The final stage of the GCHQ challenge was a small (5kB) x86 Windows/cygwin binary (available here). Analyzing it in IDA Pro, I could see that it expects a 24 byte license file with the following format:

The above could be deduced from the following reverse-engineered code:

If a valid license is found, it calls a function that requests the following URI from the specified host (which should obviously still be /hash/A/B/C/key.txt


  • A = 32-bit hex key from stage 1
  • B = 32-bit hex key #1 from stage 2
  • C = 32-bit hex key #2 from stage 2

Note that the hash itself is used, and not the password corresponding to the hash. Misdirection, again, in order to waste some time for those who didn’t bother to actually understand the code.

It’s now clear that we need two 32-bit values that somehow relates to stage 2, and the so called “firmware” array is a rather obvious choice. It consists of two 32-bit values, and it wasn’t used in the stage2 challenge itself. We also need one 32-bit value from stage 1. Remembering that the payload actually starts out with a “useless” jump over four bytes (e.g a 32-bit value) that are never used in any way, this is quite an obvious choice as well.

This gives us the following URL:

Which contains the following key:

When entering the correct keyword, we get this page:

“So you did it. Well done! Now this is where it gets interesting. Could you use your skills and ingenuity to combat terrorism and cyber threats? As one of our experts, you’ll help protect our nation’s security and the lives of thousands. Every day will bring new challenges, new solutions to find – and new ways to prove that you’re one of the best.”

Interestingly, the salary for the “Cyber Specialist” position at GCHQ is £25,446 for a GC10 (Executive Officer) and £31,152 for a GC9 (Higher Executive Officer). Comparing this with the salaries in the corporate world makes it quite clear why GCHQ has to try so hard to find competent people to recruit. After all, for people with skills there are lots of opportunities for interesting work with a much higher paycheck. For juniors with potential, but no real experience, it might be an interesting opportunity though. I’m sure that the work can be quite stimulating. :)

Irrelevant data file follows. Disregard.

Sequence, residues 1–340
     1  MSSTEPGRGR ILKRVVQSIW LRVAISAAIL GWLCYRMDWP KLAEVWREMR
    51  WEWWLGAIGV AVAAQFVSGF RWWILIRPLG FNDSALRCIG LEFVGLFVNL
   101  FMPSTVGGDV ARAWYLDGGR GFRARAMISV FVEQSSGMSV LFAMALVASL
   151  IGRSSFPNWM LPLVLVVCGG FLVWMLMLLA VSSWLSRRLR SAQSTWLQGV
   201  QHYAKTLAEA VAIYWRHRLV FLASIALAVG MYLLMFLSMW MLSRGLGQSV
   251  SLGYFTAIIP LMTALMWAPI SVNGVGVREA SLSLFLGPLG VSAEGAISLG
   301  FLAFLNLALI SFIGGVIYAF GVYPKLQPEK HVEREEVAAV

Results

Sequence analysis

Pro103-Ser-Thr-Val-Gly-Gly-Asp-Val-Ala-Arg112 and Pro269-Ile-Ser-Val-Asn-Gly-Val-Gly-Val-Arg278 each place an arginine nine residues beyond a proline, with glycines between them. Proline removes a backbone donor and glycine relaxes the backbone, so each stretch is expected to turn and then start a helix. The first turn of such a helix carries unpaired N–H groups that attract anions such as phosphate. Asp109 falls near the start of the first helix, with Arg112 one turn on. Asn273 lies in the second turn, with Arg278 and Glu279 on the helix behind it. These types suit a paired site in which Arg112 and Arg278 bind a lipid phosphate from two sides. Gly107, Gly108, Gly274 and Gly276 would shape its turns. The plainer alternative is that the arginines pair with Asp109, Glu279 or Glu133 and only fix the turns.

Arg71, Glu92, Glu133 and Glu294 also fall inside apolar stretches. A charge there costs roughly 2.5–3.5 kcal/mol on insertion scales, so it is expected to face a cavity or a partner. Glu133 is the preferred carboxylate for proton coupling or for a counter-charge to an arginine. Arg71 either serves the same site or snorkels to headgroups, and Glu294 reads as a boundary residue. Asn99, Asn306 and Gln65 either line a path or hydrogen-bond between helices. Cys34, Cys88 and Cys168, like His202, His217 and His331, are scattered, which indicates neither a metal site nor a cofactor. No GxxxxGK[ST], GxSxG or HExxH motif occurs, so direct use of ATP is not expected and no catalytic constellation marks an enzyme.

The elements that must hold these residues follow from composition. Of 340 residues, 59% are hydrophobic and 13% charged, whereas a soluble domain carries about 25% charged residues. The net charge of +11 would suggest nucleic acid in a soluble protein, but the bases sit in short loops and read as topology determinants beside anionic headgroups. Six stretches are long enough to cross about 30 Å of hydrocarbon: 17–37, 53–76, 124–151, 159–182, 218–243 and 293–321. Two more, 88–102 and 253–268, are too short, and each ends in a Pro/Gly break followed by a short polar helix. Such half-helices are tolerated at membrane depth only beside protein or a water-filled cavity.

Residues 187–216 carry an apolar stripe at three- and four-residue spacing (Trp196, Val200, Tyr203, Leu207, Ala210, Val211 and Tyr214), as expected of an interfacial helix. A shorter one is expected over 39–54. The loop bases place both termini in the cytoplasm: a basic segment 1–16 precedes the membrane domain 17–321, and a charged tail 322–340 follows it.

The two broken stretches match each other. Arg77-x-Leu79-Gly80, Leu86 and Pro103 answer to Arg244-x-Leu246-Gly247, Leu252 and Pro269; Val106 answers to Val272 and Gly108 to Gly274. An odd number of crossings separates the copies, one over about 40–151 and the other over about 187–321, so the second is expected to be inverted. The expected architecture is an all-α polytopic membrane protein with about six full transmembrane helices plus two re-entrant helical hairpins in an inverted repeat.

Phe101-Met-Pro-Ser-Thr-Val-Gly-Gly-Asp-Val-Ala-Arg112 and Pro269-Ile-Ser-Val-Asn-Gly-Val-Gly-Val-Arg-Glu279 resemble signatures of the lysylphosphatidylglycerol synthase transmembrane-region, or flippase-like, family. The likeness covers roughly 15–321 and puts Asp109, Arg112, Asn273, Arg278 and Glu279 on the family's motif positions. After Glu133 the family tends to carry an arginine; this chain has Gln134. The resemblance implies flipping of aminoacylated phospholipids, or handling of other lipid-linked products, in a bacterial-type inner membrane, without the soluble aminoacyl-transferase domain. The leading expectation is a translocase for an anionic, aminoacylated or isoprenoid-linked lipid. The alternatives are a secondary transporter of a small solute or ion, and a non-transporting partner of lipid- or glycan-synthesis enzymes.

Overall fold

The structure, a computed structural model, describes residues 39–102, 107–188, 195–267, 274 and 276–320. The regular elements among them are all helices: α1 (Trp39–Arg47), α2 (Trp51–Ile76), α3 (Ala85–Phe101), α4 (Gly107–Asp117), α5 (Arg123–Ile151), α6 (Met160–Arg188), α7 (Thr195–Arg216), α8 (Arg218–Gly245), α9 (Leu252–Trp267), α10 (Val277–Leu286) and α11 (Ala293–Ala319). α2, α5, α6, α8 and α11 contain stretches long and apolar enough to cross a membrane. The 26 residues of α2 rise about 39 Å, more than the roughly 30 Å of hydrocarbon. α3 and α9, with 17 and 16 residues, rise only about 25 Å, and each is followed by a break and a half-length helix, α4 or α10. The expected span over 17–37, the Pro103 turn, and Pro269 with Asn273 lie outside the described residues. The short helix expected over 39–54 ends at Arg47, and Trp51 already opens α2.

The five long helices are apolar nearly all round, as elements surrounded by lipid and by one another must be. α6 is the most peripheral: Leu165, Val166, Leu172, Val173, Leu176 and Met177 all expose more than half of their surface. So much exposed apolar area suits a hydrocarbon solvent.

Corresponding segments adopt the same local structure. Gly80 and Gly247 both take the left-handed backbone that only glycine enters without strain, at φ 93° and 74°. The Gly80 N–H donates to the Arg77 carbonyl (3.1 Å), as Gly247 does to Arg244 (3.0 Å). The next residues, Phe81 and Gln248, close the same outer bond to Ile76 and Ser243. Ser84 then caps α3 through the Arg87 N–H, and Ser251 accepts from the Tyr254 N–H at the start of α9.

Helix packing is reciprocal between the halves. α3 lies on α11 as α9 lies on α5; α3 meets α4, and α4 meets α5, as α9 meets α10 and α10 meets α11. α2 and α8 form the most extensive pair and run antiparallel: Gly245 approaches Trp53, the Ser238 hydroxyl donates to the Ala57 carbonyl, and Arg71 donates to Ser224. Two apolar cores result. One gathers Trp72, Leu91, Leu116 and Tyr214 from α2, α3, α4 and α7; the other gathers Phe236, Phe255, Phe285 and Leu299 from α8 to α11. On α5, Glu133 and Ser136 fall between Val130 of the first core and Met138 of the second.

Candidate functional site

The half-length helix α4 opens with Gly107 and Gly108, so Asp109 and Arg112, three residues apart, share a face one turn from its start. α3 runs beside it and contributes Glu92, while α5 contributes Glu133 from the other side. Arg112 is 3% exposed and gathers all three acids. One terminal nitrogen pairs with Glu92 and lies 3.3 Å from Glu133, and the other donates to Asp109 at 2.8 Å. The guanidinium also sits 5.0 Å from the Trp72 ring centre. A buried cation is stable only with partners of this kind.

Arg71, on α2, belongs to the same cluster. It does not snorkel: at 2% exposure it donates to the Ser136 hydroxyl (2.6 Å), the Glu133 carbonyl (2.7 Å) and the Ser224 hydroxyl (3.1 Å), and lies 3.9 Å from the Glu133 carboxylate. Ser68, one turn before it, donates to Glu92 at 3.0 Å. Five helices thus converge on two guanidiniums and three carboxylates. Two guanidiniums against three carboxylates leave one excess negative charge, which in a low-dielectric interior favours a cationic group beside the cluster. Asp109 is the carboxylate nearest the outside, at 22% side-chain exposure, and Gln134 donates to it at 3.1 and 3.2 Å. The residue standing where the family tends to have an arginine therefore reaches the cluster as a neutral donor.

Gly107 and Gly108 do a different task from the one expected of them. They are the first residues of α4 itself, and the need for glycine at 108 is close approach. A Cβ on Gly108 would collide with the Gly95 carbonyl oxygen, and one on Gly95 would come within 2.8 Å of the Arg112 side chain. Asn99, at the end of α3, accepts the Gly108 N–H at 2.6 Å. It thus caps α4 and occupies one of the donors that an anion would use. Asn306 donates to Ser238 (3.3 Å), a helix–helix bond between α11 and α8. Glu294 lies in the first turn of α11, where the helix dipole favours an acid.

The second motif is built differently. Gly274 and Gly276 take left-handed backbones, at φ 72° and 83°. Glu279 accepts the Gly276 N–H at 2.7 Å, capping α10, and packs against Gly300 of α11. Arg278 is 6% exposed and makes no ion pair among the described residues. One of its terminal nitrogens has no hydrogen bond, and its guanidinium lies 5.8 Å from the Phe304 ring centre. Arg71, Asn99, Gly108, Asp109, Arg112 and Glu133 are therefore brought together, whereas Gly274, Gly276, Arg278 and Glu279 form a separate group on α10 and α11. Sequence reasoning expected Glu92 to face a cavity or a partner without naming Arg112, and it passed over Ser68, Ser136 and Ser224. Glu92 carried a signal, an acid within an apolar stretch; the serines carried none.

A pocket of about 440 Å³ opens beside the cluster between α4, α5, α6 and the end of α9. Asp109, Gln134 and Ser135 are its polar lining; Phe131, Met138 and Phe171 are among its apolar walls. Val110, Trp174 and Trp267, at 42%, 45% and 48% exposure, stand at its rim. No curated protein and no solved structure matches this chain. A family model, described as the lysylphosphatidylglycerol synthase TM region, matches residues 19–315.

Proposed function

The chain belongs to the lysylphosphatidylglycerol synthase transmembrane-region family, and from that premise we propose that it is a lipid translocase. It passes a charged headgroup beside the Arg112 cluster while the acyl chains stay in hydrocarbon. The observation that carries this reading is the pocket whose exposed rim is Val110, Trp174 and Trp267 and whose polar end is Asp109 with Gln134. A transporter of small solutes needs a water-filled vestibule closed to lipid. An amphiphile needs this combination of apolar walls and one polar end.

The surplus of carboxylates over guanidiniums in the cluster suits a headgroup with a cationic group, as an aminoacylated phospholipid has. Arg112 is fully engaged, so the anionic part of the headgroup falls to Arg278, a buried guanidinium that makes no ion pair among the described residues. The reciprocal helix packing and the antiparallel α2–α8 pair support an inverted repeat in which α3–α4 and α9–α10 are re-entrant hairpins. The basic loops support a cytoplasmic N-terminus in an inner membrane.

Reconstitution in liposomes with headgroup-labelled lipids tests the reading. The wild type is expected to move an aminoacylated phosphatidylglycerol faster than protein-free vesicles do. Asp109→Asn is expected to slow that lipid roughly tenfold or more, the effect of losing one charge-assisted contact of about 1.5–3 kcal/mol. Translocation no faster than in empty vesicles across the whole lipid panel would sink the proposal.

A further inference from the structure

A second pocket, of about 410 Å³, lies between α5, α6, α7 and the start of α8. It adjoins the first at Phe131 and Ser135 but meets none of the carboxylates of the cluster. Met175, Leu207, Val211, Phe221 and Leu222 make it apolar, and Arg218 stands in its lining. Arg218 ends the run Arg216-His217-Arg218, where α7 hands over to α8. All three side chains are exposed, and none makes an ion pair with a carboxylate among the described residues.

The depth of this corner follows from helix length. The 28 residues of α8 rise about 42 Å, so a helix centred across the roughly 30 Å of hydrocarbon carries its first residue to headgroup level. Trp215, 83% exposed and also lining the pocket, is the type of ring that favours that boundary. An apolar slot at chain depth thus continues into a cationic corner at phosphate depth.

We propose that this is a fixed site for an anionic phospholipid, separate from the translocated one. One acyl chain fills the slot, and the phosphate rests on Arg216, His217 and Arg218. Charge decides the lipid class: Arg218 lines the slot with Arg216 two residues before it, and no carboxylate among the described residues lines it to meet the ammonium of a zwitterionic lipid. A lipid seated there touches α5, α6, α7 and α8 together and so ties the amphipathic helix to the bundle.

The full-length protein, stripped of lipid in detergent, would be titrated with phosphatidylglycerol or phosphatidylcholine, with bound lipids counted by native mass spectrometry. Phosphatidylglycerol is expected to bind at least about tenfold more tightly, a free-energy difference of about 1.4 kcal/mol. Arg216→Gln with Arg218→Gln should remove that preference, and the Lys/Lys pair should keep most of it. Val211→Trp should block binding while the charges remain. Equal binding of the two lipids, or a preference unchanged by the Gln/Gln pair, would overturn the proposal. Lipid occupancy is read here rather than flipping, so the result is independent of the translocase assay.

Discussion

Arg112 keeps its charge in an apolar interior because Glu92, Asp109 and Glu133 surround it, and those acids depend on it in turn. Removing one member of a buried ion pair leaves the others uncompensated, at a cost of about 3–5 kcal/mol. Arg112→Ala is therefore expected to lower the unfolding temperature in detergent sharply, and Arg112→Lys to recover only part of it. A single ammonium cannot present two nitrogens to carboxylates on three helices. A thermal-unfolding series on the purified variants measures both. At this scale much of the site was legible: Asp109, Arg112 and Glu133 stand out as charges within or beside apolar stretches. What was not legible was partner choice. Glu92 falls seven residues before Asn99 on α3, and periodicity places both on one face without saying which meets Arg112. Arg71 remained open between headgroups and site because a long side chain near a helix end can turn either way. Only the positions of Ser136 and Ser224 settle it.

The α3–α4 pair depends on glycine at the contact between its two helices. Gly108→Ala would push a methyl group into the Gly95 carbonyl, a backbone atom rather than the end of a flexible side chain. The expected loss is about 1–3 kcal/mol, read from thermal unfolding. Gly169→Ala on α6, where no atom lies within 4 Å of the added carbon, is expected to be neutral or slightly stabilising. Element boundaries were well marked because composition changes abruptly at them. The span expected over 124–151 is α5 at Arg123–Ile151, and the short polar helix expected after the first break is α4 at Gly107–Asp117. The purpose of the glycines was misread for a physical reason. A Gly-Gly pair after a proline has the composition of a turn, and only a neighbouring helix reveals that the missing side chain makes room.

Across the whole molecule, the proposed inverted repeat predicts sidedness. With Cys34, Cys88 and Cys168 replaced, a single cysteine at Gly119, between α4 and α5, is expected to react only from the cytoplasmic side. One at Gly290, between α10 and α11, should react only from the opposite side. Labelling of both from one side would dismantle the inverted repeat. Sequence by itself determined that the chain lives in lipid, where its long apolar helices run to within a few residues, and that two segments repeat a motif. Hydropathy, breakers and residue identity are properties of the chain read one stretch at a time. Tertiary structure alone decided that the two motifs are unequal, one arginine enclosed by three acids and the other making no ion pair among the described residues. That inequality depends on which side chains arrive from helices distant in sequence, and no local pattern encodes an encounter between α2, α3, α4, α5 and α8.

After cracking stage 1 of the GCHQ challenge, we get the URL to the Javascript code available here.

It defines a virtual machine with four general registers, two segment registers, one flag register and of course the instruction pointer. It also includes an array of two values named “firmware”, which seems rather strange. These values are not used, nor mentioned in the definition of the virtual machine that is included in a comment further down in the javascript code. The use for these values will actually become apparent in the third and final stage.

Besides specifying the register values and an array with the current memory contents, there is a 54 line comment describing the virtual machine architecture, the instruction encoding and the instruction set:

As you can see, it then throws an exception saying that VM.exec is not yet implemented. Our job is to implement this function, based on the information provided in the comment, and executing the embedded code in our virtual machine to see what it reveals. Although I don’t really see how this would provide a demonstration of anything but quite basic skills, I decided to play along and continue with the challenge. I decided to make a C implementation instead though.

First, I decided to only implement a disassembler and reverse-engineer the code by hand instead of actually implementing the virtual machine. After finding out that the initial piece of code actually decrypts the next part of the code, and that the decrypted code decrypts a string, I decided to actually implement the VM instead of just a disassembler.

Corresponding C-code:

The decrypted code is as follows, and quite similar to the previous code:

Corresponding C-code (sort of):

The instructions at 0x0112-0x0114 are not necessary, and could either be there for misdirection or possibly to indicate a hidden challenge. Further signs of this lies in the fact that there are a couple of instructions further down that are never executed:

There is also a 0xcc at 0x0140, that isn’t even a valid a valid instruction in the instruction set for the virtual machine, but corresponds to a breakpoint in x86 assembler. Last but not least there are large chunks of memory that are neither read, written or executed. First of all, there are some zero bytes that are obviously just there for filling. What is more suspicious are these:

There are some interesting patterns in this data, especially when interpreting it as three 112 bytes chunks. Each chunk consists of 20 bytes < 0x80, 25 bytes >= 0x80, 26 bytes < 0x80, 26 bytes >= 0x80 and finally 15 bytes < 0x80. In other words, there is a pattern in which bytes have the most significant bit set in each of these chunks. This pattern could be the result of each chunk being XOR-encoded using the same algorithm as has been used in the previous code, with some specific start and step values. I decided not to waste any more time on this track unless the challenge seemed to lead to a dead end though. After the second decryption loop it will reveal the following string at 0x01b0: